Heaney tackles the paradox of poetry and other arts, the fact that at one level ‘no lyric ever stopped a tank’. Yet they may just steel those who are stopping tanks, or help the rest of us understand what it takes to stop one. Or perhaps they can help keep the tanks from starting in the first place.
Here is the great paradox of poetry and of the imaginative arts in general. Faced with the brutality of the historical onslaught, they are practically useless. Yet they verify our singularity, they strike and stake out the ore of self which lies at the base of every individuated life. In one sense the efficacy of poetry is nil – no lyric has ever stopped a tank. In another sense, it is unlimited. It is like the writing in the sand in the face of which accusers and accused are left speechless and renewed.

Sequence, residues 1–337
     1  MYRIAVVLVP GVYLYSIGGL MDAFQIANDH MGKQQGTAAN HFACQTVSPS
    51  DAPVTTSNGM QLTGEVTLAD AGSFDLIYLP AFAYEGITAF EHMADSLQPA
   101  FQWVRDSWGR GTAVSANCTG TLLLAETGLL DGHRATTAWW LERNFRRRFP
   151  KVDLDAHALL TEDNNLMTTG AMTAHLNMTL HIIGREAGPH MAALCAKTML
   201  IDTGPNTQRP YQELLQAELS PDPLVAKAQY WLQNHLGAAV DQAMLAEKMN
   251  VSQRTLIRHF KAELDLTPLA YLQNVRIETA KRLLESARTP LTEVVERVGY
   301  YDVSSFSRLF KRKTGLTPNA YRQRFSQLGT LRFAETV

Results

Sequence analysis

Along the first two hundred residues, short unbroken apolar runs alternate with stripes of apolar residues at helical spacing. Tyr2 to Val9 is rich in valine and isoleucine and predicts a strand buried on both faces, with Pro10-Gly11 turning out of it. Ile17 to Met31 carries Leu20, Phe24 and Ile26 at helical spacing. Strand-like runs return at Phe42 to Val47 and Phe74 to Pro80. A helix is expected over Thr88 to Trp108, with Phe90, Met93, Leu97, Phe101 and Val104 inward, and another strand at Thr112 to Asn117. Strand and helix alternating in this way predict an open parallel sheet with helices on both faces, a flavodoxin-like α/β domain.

I sense a struggle in Heaney’s defence as if he doesn’t feel he’s quite nailed it. Or perhaps it is simply that I don’t feel he’s quite nailed it and I’m not sure how to nail it myself.
That said, the Hungarian poet György Faludy didn’t doubt for one minute the value of poetry in the face of oppression – he continued writing reams of poems, even using his own blood, or strenuously committing lines to memory, while incarcerated in a totalitarian prison.
Source: Seamus Heaney, Finders Keepers: Selected prose 1971-2001 (London: Faber and Faber, 2003), p. 189
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